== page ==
I do find Task View useful, but I don't use Virtual Desktops because I have a dual-screen setup. That gives me two separate desktops that I can see at the same time. With dual (or multiple) monitors, it's easy to copy/paste or move things from one screen to another. You can even stretch an app's window across two screens. Sometimes I do this when I have a very wide spreadsheet. (See my related article Dual Monitors: Six Good Reasons to Upgrade)

Task View and Virtual Desktops can help keep your computer work organized. You can maintain one desktop for work apps, another for personal/leisure/recreation apps, another one just to watch cat videos, or whatever. Even if you need only one desktop, Task View is a more efficient way to switch between apps. I suggest giving it a try.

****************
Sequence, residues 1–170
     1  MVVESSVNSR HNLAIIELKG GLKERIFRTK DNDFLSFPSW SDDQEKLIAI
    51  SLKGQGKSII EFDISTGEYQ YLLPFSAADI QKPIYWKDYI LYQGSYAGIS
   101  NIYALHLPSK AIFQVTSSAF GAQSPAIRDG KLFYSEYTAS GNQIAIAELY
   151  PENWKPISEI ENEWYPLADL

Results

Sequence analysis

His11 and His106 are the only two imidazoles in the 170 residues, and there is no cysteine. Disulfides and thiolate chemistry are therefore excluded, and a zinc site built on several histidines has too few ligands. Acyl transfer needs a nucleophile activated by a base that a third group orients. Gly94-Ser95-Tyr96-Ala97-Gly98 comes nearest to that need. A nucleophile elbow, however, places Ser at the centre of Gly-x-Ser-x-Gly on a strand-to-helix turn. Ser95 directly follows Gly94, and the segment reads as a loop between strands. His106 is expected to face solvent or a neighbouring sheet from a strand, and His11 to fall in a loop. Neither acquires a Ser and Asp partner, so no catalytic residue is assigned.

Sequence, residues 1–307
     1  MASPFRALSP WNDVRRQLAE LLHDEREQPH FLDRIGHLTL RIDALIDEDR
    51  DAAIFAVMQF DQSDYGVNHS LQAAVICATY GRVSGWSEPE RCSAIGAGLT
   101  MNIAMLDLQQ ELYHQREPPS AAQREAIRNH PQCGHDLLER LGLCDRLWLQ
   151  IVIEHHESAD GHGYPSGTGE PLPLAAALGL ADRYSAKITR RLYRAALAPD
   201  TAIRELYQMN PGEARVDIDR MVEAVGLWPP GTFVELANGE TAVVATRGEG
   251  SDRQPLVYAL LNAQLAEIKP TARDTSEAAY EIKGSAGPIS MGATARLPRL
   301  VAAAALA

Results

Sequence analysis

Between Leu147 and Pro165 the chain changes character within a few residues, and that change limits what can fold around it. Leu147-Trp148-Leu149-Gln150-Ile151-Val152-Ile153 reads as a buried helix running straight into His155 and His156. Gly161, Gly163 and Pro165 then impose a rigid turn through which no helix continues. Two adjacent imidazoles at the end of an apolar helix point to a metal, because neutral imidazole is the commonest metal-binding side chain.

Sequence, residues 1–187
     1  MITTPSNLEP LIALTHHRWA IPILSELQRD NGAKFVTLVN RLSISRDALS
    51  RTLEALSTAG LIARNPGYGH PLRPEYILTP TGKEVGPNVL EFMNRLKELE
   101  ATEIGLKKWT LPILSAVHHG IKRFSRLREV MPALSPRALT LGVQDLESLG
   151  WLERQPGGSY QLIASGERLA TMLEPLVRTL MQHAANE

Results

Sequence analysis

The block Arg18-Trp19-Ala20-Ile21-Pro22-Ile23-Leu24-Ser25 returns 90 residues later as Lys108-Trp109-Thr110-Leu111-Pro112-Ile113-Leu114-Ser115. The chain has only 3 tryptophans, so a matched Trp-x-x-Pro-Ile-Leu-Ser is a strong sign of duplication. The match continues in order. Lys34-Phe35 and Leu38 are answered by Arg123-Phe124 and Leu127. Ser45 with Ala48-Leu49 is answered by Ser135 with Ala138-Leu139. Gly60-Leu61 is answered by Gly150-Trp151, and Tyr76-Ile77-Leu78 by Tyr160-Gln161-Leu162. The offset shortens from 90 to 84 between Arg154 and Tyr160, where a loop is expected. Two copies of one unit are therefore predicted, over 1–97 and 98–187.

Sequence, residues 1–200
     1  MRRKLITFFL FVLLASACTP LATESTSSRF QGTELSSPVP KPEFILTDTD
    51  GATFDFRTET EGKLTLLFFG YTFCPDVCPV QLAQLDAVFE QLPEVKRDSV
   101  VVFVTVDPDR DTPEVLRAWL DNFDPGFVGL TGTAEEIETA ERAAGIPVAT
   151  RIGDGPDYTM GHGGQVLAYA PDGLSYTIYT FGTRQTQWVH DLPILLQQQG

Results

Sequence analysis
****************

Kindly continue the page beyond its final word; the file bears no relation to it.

Are you a task juggler? Which ones do you use most often? Your thoughts on this topic are welcome. Post your comment or question below...

 
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This article was posted by on 21 Jul 2017


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Most recent comments on "[Windows 10 Tip #7] - Task View & Virtual Desktops"

Posted by:

NB
21 Jul 2017

Great explanation, thanks Bob!
I looked at task view and virtual desktops when I first got Win10, but never followed up on it. Virtual desktops might be very useful when working on my laptop screen.
A Snickers bar is on its way to you, sir!


Posted by:

Ralph C
21 Jul 2017